"Had been faulted," of course, by Seelye. Did a Gore aide say what Seelye reported? At THE HOWLER, we have no way of knowing. But Seelye is peerless at finding ways to work those earth tones into her story. Seelye's otherwise pointless paragraph about Gore's outfit allowed her to play with ancestral spin-points. Seelye again managed to raise treasured questions about whether Gore conducts himself in "frantic" ways and whether he's even "a regular person." And what had triggered this rumination by Seelye? Stop the presses! Gets the news to the world! Gore had put on a red tie!

Seelye, of course, is a crackpot. So are her editors, who—for reasons that gaping historians will ponder—actually put this into print:

SEELYE (11): "I need your help to take this country back," he said, not specifying from whom.

Seelye never allowed that Gore's comment might have been a mistake or a poorly worded thought, instead milking the idea that it was just plain strange. Incredibly, she typed this in next:

SEELYE (12): He also made an appeal based on what he described as his hard work for the state—as if a debt were owed in return for his years of service.

(13) "You know me, and you know that for 16 years I've represented the state faithfully and well, and I've worked hard," he called from a platform. "Nine times, nine times I've raised my hand and taken an oath to the Constitution. And I've never violated that oath."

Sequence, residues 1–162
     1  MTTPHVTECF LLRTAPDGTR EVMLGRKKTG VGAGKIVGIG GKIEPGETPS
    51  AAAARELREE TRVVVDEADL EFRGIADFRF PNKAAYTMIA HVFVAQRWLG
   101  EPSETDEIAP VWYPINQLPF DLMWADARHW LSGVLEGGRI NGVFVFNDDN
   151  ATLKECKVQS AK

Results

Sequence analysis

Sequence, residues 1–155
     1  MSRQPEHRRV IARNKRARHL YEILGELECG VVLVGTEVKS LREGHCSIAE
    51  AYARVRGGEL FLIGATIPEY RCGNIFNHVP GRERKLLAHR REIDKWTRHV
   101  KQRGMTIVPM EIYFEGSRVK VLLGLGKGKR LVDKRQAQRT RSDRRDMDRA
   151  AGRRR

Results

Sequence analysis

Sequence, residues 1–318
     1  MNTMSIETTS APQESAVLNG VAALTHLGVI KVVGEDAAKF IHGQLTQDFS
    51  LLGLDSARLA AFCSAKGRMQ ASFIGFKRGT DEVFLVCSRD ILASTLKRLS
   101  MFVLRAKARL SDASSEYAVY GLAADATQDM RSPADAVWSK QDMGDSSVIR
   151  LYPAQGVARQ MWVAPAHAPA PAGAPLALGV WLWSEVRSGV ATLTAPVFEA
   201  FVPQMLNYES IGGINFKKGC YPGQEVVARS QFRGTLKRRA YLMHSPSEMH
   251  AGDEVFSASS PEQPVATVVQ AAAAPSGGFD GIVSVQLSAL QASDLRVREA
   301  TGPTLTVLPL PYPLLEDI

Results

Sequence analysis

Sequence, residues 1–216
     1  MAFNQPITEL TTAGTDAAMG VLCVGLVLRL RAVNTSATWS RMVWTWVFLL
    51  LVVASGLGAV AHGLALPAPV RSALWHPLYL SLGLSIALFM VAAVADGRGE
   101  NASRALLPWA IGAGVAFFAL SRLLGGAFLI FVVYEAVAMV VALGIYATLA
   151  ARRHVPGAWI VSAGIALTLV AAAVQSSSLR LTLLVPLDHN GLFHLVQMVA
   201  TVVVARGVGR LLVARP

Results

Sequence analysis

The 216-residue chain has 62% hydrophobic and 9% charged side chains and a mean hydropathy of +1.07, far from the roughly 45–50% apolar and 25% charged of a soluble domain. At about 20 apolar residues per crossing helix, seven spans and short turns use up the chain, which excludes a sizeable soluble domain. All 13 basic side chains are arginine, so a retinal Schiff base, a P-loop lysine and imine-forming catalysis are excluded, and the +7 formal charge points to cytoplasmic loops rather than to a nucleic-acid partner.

That was the only quote offered to support Seelye's spin—that Gore had spoken "as if a debt were owed in return for his years of service."

But then, for the past two years, the Times' "Kit" Seelye has been a journalistic junk man. We can only hope that descendants will marvel that the Times ever put her in print. But print her they did, for two solid years, as Seelye reinvented the Gore campaign—in a stream of derision, distortion and spin, an affront to our greatest public process.

In this last great effort, Seelye missed few chances. But this was our favorite performance:

SEELYE (10): Mr. Gore held a rally here [in Alcoa, Tennessee], near Knoxville, on the airport tarmac, with Air Force Two in the background and airplanes coming and going. He said he was glad to be "home"...

And yes—Spinner One put quotation marks around the word "home." She was telling her readers that Gore—a phony and a creature of Washington—wasn't really "home" at all. Dressed in his "uniform," "grasping at Mr. Bush's remarks," the inauthentic Gore of the press corps' Master Narrative was acting out his role one last time. Seelye, a novelist, was typing her spin; Gore's words and clothes were the stuff of her satire. Why did the Times put this tripe into print? Here at THE HOWLER, we don't have a clue. But the fact that they did put such nonsense in print is why you should scorn this pathetic, failed newspaper.

Tomorrow: Brian and Chris, Monday night

 

The Daily update (11/13/00)

Will lacking grace: When the going gets tough, George Will starts dissembling. On Sunday, his column complained about "the mendacity of Al Gore's pre-election campaign." It also slammed Gore's "serial mendacity." And it mentioned Gore's "corrupting hunger for power;" "he is, strictly speaking, unbelievable," Will said. He is also a "dangerous man," for whom aides "do their reckless work." That is remarkably overwrought rhetoric. But then the columnist tried to support it. Here was his sad first example:

WILL (paragraph 3): [Gore] staggered Bill Bradley in an Iowa debate by asking why Bradley voted against flood relief for Iowa. Bradley voted for $4.8 billion of relief, and opposed—as did the Clinton-Gore administration—only an amendment to add $900 million.